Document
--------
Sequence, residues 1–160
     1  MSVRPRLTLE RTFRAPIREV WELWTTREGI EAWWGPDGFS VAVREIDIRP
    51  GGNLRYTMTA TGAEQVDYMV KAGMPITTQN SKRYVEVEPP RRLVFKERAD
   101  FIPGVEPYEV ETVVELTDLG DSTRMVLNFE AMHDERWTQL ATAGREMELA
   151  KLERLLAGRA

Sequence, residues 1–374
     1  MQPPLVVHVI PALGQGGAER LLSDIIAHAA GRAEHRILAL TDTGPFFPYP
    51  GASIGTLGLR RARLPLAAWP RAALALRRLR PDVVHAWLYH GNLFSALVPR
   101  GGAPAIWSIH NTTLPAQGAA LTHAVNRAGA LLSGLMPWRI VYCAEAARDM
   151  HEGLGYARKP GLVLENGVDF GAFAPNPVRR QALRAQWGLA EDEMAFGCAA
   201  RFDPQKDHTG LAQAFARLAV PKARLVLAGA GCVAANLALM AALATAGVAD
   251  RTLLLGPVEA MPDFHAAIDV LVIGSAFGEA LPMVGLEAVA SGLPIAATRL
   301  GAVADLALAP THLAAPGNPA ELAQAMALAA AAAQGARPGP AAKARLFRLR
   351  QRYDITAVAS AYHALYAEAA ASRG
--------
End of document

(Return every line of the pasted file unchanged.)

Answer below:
Sequence, residues 1–160
     1  MSVRPRLTLE RTFRAPIREV WELWTTREGI EAWWGPDGFS VAVREIDIRP
    51  GGNLRYTMTA TGAEQVDYMV KAGMPITTQN SKRYVEVEPP RRLVFKERAD
   101  FIPGVEPYEV ETVVELTDLG DSTRMVLNFE AMHDERWTQL ATAGREMELA
   151  KLERLLAGRA

Sequence, residues 1–374
     1  MQPPLVVHVI PALGQGGAER LLSDIIAHAA GRAEHRILAL TDTGPFFPYP
    51  GASIGTLGLR RARLPLAAWP RAALALRRLR PDVVHAWLYH GNLFSALVPR
   101  GGAPAIWSIH NTTLPAQGAA LTHAVNRAGA LLSGLMPWRI VYCAEAARDM
   151  HEGLGYARKP GLVLENGVDF GAFAPNPVRR QALRAQWGLA EDEMAFGCAA
   201  RFDPQKDHTG LAQAFARLAV PKARLVLAGA GCVAANLALM AALATAGVAD
   251  RTLLLGPVEA MPDFHAAIDV LVIGSAFGEA LPMVGLEAVA SGLPIAATRL
   301  GAVADLALAP THLAAPGNPA ELAQAMALAA AAAQGARPGP AAKARLFRLR
   351  QRYDITAVAS AYHALYAEAA ASRG